The Planters House

Monarakanda Estate,

Nandimale

Koslanda, Uva Province

90190, Sri Lanka

 

reservations@theplantershouse.com

Reservations: +94 (0)76 348 4411

Hotel: +94 (0)77 683 6955

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© 2016 by Peacock Investments (Pvt) Ltd

EXPLORE

DAY TRIPS

Adisham House, Haputale

St. Benedict Monastery

Adisham Bungalow is an early twentieth-century British period building, which was modelled on Leeds Castle in Kent, England. Sir Thomas Villiers, a distinguished British resident in Sri Lanka, used it as his country house. Sir Thomas spared no expense to ensure that his country home was luxurious. The roof was covered with flat Burma teak shingles.  The doors, windows, panelling, staircase and floors were also of Burma teak. The spacious rooms of the house contain handsome fireplaces to keep the inhabitants warm.

 

Later it became a Benedictine Monastery. The community still maintains the orchards surrounding the monastery and the Monks, with the help of a few village workers, cultivate strawberries, guavas, Seville oranges and other vegetables.

 

It is famed for its orchards, roses & market gardens, and the fruit of the orchards is used to produce Adisham’s renowned natural jams, cordials and jellies.

A trip to Adisham House could be done in conjunction with the Dambatenne Tea Factory and Lipton's Seat. 

Buduruwagala Rock Carvings

Religious & Architecture

Buduruwagala is an ancient Buddhist temple. It is located about 6.4 km (4 miles) southeast of Wellawaya in Monaragala district. The temple is thought to have been a hermitage for monks. The name Buduruwagala is derived from the words for Buddha (Budu), images (ruva) and stone (gala).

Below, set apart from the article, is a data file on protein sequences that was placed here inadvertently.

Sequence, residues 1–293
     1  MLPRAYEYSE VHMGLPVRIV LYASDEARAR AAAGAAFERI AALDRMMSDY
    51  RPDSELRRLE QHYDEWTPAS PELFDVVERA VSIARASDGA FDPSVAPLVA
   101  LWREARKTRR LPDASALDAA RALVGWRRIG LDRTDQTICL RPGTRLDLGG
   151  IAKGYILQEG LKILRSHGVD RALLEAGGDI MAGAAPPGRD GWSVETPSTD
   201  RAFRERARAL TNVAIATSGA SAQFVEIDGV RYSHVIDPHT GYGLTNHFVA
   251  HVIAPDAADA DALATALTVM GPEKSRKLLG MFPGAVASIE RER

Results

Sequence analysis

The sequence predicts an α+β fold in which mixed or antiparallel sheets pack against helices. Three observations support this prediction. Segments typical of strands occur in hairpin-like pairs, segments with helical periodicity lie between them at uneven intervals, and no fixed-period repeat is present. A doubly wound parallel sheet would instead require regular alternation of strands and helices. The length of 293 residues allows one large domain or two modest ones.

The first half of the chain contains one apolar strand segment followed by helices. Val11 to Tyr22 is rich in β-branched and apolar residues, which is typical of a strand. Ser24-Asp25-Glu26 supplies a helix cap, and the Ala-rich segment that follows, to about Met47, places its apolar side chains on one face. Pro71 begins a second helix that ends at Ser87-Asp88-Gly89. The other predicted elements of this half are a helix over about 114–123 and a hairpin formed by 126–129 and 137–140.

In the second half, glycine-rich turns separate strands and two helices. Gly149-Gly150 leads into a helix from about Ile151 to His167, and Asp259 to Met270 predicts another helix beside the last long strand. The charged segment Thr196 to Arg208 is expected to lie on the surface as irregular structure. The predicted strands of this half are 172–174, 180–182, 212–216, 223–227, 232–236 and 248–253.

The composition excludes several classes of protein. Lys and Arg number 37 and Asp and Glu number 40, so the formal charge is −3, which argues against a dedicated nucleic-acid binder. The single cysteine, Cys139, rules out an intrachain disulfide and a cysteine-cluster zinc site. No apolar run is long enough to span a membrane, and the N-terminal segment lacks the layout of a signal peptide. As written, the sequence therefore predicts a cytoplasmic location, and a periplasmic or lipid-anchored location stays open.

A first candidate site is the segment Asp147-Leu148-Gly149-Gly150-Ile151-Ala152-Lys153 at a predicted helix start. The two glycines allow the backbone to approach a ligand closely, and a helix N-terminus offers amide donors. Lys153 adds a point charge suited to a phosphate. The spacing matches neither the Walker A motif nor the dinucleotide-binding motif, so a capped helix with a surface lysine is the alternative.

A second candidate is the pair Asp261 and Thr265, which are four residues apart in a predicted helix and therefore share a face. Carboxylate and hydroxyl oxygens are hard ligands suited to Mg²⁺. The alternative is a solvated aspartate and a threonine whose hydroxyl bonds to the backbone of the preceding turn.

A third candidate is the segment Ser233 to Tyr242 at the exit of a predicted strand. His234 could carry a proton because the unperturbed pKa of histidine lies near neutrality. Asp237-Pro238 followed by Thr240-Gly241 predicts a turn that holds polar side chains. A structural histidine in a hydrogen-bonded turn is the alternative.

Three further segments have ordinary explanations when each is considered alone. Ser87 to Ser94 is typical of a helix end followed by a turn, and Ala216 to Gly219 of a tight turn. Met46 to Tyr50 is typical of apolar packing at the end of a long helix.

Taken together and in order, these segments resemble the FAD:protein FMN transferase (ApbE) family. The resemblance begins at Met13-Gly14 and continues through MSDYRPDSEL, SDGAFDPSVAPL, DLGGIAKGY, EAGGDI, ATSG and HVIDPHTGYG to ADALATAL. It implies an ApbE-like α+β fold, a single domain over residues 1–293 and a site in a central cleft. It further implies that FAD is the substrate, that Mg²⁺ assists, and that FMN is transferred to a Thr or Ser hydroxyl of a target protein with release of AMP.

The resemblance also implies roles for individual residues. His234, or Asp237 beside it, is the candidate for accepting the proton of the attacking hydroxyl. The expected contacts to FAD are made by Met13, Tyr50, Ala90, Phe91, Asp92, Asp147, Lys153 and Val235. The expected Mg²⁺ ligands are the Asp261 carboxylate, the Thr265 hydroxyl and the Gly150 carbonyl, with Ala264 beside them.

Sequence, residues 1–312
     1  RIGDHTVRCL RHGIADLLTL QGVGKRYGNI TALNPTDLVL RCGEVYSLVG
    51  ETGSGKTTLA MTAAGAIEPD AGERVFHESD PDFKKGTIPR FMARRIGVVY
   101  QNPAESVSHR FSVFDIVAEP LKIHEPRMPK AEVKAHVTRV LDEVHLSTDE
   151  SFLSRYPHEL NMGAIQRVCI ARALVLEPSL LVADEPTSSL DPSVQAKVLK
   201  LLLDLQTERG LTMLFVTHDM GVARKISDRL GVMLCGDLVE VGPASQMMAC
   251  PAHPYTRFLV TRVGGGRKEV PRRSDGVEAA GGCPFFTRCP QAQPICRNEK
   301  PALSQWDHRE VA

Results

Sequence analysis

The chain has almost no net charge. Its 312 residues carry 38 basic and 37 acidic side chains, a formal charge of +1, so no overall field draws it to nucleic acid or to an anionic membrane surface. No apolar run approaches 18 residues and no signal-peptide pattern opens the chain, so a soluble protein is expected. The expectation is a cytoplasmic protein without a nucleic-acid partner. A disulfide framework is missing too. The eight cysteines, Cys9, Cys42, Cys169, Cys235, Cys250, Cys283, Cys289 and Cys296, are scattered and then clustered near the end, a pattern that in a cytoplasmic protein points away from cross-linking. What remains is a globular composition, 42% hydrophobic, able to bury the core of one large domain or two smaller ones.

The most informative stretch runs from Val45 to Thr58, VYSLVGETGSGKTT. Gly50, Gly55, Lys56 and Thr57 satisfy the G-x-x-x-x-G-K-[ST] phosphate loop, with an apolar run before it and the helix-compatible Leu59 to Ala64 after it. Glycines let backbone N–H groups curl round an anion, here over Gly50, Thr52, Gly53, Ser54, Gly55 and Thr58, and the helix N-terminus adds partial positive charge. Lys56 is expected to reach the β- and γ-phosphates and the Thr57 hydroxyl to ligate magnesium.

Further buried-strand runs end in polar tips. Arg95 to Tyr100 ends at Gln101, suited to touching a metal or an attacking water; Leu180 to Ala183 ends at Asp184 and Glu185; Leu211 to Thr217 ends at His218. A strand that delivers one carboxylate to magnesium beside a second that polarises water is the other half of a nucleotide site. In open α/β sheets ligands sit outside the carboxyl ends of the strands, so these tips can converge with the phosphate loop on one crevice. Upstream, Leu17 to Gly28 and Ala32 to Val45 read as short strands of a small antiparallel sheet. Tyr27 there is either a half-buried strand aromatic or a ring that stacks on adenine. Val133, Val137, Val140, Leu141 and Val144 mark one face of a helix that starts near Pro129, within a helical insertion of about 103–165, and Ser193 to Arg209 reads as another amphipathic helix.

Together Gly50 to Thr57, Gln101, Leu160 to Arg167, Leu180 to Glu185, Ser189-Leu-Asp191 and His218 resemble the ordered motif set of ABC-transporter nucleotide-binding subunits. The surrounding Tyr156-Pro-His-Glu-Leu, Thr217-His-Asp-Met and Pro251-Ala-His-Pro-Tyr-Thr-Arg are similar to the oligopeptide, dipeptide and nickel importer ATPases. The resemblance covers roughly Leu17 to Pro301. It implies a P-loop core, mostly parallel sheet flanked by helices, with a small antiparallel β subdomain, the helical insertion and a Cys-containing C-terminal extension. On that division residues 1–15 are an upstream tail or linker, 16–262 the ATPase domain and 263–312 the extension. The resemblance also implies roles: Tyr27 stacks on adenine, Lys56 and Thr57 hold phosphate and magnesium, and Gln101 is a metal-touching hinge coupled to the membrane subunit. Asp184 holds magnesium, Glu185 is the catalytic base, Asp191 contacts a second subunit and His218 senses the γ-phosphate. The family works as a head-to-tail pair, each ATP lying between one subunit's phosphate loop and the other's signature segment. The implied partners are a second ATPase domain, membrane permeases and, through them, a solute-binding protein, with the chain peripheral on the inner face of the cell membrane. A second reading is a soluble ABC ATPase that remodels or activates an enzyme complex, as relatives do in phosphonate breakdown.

There are seven statues, which date back to the 10th century. The gigantic Buddha statue still bears traces of its original stuccoed robe, and a long streak of orange suggests it was once brightly painted. The central of the three figures to the Buddha's right is thought to be the Buddhist mythological figure-the Bodhisattva Avalokitesvara. To the left of this white painted figure is a female figure in the thrice-bent posture, which is thought to be his consort, Tara. The largest of the standing Buddha statues is 51 feet (16 m) from head to toe; it is the largest standing Buddha statue in Sri Lanka.

 

By the right foot of the Buddha statue is a hole carved in the shape of the flame from an oil lamp. From this hole percolates an oil that smells of mustard which was used by devotees to anoint their foreheads before presenting themselves to Tara Devi or Vajrapani to seek cures for their ailments.

You could combine this trip with a visit to Diyaluma Falls, as you will drive past it on your way to the carvings.

Dambatenne Tea Factory

Dambatenne tea factory is one of Sri Lanka’s tea processing centres. Sir Thomas Lipton lived on this estate and the factory still maintains most of the machinery used one century ago. The opportunity to visit and watch those traditional production techniques as well as try different kinds of tea makes this a fascinating trip.

 

You can combine this trip with a visit to Lipton’s Seat (and also Adisham House).

Diyaluma Falls

Diyaluma Falls is 220 m (720 ft) high and the second highest waterfall in Sri Lanka. It is situated 6 km (3.7 miles) east of Koslanda on Beragala to Wellawaya road. The falls are formed by Punagala Oya (river), a tributary of Kuda Oya which, in turn, is a tributary of Kirindi Oya.

 

In Sinhalese, Diyaluma or Diya Haluma means "rapid flow of water" or "liquid light”.

 

Diyaluma is rich in folklore. One story tells of how a king fell in love with a young woman belonging to a lower caste. The king's subjects were outraged by their affair, so the lovers decided to flee. When they arrived at the site of the fall, they began to climb. The king made it to the top of the falls, but the creeper which the woman was hanging onto became entangled in the rocks and she fell and plunged to her death. The tears shed by the king in his grief were collected by a god and turned into the falls as we see it today.

You could combine this trip with a visit to the Buduruwagala Rock Carvings.

Lipton’s Seat

The highest point that you can see from the House is the famous Lipton’s Seat. This place was a favourite look-out point for the Scottish tea baron Sir Thomas Lipton. From here, he could survey his expanding empire. The point has fabulous views over Uva, Southern, Sabaragamuwa, Central and Eastern provinces.